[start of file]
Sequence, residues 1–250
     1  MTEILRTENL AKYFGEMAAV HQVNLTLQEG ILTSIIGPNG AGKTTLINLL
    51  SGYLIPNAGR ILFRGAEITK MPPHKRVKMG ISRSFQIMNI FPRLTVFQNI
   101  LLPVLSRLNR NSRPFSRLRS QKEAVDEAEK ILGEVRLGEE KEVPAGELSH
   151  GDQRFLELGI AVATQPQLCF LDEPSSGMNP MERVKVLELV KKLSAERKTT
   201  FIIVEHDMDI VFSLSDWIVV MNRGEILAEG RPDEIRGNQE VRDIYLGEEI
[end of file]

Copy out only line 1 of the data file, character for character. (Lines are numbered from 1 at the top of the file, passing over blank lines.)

Sequence, residues 1–250